"Time and Water"

Adult Swim





"Mr. Misunderstood"


Last Train Home is pulling out of town, but not before leaving alt-country fans with something worth hearing again and again. Led by this newspaper's Nightwatch columnist Eric Brace, now on leave, the band has packed "Time and Water" with enough soulful ballads and mood-shifting treats to make you wish they'd reconsider their Nashville travel plans.

The ballads include the album's evocative title track, featuring one of Brace's most haunting vocal performances, and guitarist Scott McKnight's "All Gone Now," which boasts a melody that's nearly impossible to shake. Brace's "Blue Skies" and Mary Battiata's "All Right Okay," on the other hand, are firmly rooted in honky-tonk traditions and vibrantly arranged with splashes of piano, dobro, pedal steel guitar and fiddle. A pair of excursions into bluegrass lead to a fresh but faithful take on murder in the hill country, via Brace's "See What Love Can Do," and to an even fresher, raucously unfaithful reprise of the Bill Monroe/Peter Rowan classic "Walls of Time."

There are other enjoyable side trips, too, such as Alan Brace's southern soul turn on "He's the Kind" and the snazzy Latin lounge-inspired coda "Las Lagrimas Del Pollo Rico." All the while, Australian guitarist Jeff Lang and several talented local musicians contribute to the album's array of striking and subtle colors.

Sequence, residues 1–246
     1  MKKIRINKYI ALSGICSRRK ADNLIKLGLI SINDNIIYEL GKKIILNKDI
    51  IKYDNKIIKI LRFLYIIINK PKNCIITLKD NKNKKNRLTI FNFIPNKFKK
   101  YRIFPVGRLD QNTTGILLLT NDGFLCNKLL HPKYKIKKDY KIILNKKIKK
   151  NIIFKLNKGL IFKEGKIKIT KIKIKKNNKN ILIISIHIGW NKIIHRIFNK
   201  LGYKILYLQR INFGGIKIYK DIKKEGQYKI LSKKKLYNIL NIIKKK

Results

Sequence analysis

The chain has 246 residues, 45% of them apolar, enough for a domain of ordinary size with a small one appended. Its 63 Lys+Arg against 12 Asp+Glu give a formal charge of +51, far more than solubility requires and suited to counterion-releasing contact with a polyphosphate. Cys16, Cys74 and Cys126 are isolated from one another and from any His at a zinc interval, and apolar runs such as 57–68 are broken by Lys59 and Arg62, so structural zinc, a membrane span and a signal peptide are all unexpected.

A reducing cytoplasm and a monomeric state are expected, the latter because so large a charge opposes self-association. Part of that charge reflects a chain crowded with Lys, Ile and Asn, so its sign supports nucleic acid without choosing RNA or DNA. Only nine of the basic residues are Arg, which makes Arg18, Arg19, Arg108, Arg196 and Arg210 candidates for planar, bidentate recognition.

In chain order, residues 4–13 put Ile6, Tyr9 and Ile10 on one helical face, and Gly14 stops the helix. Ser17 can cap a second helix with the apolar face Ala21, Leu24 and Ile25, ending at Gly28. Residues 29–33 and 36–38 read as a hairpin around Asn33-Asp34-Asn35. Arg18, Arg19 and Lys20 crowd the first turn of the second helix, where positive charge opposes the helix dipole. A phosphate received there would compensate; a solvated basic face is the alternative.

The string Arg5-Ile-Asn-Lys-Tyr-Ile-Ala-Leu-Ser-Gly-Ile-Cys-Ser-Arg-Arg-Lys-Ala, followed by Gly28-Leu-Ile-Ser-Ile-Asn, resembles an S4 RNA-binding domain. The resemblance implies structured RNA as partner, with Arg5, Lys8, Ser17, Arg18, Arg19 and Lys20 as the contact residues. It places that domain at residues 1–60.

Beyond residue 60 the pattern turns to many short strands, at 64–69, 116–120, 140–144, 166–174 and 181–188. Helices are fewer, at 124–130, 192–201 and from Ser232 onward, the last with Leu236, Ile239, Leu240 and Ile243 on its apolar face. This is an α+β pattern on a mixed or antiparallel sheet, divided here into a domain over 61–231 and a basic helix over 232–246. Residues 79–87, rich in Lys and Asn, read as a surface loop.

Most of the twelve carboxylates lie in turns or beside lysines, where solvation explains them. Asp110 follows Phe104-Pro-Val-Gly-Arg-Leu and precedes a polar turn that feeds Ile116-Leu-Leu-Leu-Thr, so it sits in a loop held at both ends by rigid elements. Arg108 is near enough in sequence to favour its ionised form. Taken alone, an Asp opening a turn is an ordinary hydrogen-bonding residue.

"Failer," the debut album by 24-year-old Canadian singer-songwriter Kathleen Edwards, has already generated reams of favorable reviews, and plenty of them have favorably linked her name to Lucinda Williams. The Williams connection is obvious the moment Edwards and her band turn up the twang on opening cut, "Six O'Clock News." But some of the ballads on "Failer" are so bleak, so shot through with allusions to addiction, betrayal and despair, that Williams seems almost cheery by comparison. "Hockey Skates," "Mercury" and other tunes concern characters who have little to look forward to and a lot to get past, though there seldom seems much chance of that happening. Edwards makes all their suffocating misery ring true.

Though he's from New Jersey, singer-songwriter Scott E. Moore clearly has a thing for southern soul music. That much is clear even when Moore pays tribute to fellow Jerseyite Frank Sinatra on "Bye Bye, Frankie," one of the more engaging tracks on "Mr. Misunderstood." With his hushed tenor voice, clever lyrics and relaxed grooves, Moore carves out a niche on the album somewhere between Keb' Mo' and Michael Franks, which means he'll probably appeal to a lot of folks who prefer to have even their blues served sunny side up.

-- Mike Joyce

Last Train Home appearing Friday with Kathleen Edwards, Saturday with Scott E. Moore and Sunday afternoon at IOTA. * To hear a free Sound Bite from Last Train Home, call Post-Haste at 202-334-9000 and press 8124; to hear Scott E. Moore, press 8125; to hear Kathleen Edwards, press 8126. (Prince William residents, call 703-690-4110.)